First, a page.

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Size 14 Woman Shares Abusive Fat-Shaming Messages She Gets From Dating Matches

by : Emily Brown on : 16 Sep 2019 11:41
Woman receives fat shaming messages on TinderKennedy News and Media

A woman has considered giving up on online dating after receiving a number of fat-shaming messages from men. 

Jess Smith recently returned to online dating apps after breaking up with her boyfriend of 10 months, who she met on the site Plenty of Fish.

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The 26-year-old stated in her online profile she was looking for a ‘gentleman’ but dozens of nasty messages began flooding her inbox every week.

Woman shares fat shaming messagesKennedy News and Media

Some matches sent sexually explicit opening messages and others sent horrible comments about Jess’ weight. The Tinder user is a size 14 – a size smaller than the British average, according to The Independent – but weight or dress size, no matter what it may be, is never an excuse for fat-shaming.

Jess, who works as a debt collector, recalled one exchange in which she rebuffed a Tinder match for asking for nude photos of her and he responded by calling her a ‘one [out of 10] on a good day’.

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She said:

He actually swiped right for me so he obviously liked my pictures.

If you speak inappropriately to me, you’re going to get unmatched.

Woman shares fat shaming messagesKennedy News and Media

The 26-year-old told the man to be more respectful, to which he responded ‘I don’t know who you think you’re talking to’. Jess pointed out he wasn’t ‘God’s gift’ and said he was ‘barely a six out of 10’; a comment which riled her match.

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The man responded:

If you’re serious about finding someone get your arse down the gym and stop using filters. And lay off them doughnuts to [sic].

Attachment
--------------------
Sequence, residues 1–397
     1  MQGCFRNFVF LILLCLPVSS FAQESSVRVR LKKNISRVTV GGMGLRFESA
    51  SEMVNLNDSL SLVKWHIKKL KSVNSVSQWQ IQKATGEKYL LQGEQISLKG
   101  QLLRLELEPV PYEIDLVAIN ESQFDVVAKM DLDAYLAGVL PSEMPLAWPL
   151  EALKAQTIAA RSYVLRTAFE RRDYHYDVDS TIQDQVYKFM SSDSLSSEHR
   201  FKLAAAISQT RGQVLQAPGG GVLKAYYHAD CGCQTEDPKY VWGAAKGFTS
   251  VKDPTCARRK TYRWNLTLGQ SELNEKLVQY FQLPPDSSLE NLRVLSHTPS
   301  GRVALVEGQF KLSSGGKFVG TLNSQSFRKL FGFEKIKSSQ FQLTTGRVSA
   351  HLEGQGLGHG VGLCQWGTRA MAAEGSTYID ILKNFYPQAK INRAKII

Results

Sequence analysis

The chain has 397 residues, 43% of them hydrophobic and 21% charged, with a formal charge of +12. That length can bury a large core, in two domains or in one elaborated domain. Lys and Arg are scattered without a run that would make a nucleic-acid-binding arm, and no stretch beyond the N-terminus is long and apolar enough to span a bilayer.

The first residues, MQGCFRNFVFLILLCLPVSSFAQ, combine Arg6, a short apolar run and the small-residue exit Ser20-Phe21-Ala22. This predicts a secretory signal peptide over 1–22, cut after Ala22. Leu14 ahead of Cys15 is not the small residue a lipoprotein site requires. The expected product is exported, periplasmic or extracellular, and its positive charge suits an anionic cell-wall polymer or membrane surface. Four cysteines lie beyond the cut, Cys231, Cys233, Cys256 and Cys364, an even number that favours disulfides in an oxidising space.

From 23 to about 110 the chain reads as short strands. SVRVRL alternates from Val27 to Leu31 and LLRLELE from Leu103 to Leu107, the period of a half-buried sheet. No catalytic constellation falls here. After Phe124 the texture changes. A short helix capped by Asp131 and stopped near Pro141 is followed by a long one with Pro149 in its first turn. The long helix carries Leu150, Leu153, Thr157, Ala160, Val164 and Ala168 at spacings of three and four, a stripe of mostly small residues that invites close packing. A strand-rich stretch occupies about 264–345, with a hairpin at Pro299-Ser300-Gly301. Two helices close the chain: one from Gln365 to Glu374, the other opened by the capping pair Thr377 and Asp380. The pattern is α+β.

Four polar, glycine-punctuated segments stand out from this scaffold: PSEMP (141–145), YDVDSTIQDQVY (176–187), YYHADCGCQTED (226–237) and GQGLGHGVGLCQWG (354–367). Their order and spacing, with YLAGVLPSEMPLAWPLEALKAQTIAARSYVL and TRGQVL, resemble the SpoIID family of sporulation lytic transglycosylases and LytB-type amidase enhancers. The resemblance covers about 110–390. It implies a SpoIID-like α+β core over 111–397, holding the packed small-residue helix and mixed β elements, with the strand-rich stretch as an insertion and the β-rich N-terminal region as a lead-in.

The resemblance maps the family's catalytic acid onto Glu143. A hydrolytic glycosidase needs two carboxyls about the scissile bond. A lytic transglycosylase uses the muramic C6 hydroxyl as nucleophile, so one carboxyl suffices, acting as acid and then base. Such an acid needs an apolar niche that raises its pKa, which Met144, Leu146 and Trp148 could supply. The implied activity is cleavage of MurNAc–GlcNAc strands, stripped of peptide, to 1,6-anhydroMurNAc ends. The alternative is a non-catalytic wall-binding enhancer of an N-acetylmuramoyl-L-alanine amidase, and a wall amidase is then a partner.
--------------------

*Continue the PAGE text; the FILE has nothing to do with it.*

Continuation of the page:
Jess described his reaction as a ‘low blow’, saying ‘you wouldn’t walk up to someone in the street and tell them they’re fat.’

Woman shares fat shaming messagesKennedy News and Media
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She added:

He just didn’t like when I called him out for being cocky and rude. I’m a size 14. That’s less than the British average. Even if it was [bigger than the average], nobody has the right to say that to you.

The young woman has considered giving up on dating apps but she feels it would be hard to meet someone elsewhere, explaining ‘it’s the same with everyone – you’re working or you’re busy.’

While apps allow users to meet new people without spending ‘hours and hours out and about’, Jess said they’re ‘getting inconvenient for people because they’re getting abused on there.’

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One message called her ‘fatty’, while another user said they hoped Jess would find ‘a nice wife beater’.

Woman shares fat shaming messagesKennedy News and Media

The 26-year-old doesn’t take the rude messages to heart and instead tries to make her matches see why their comments are hurtful by asking what their mother would think of them.

She explained the ability to hide behind a screen enables people to send abusive messages as it’s easy to pretend they’re not speaking to another human being. In reality, the comments could be affecting the recipient more than the sender realises.

Jess said:

I just laugh it off and think it’s so pathetic. But there are people out there who it will hit deeper.

People think it’s acceptable to say stuff because you’re behind a screen. I don’t consider myself to be unattractive but if I’ve upset somebody I’m suddenly the ugliest person in the world.

Woman shares fat shaming photosKennedy News and Media

The 26-year-old continued:

For all they know, I could have lost 15 stone and be at the skinniest I’ve ever been. I could be a bulimic or anorexic or on medication. There’s a bigger picture.

The ignorance of people… Their mentality doesn’t stretch as far as thinking you’re talking to an actual human.

Online dating is so dangerous nowadays because people don’t care what they say. People can be anyone they want to be.

It can be all too easy for people to send hateful messages without thinking of the consequences, but even the smallest comment can play on people’s mind and have a harmful knock-on effect.

Hopefully Jess will find the gentleman she’s looking for soon enough!

If you have a story you want to tell, send it to [email protected] 

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Emily Brown

Emily Brown first began delivering important news stories aged just 13, when she launched her career with a paper round. She graduated with a BA Hons in English Language in the Media from Lancaster University, and went on to become a freelance writer and blogger. Emily contributed to The Sunday Times Travel Magazine and Student Problems before becoming a journalist at UNILAD, where she works on breaking news as well as longer form features.

Topics: Health, body positivity, body shaming, fat shaming, Online Dating, Tinder

Credits

The Independent
  1. The Independent

    HOW WOMEN'S BODIES HAVE CHANGED SINCE 1957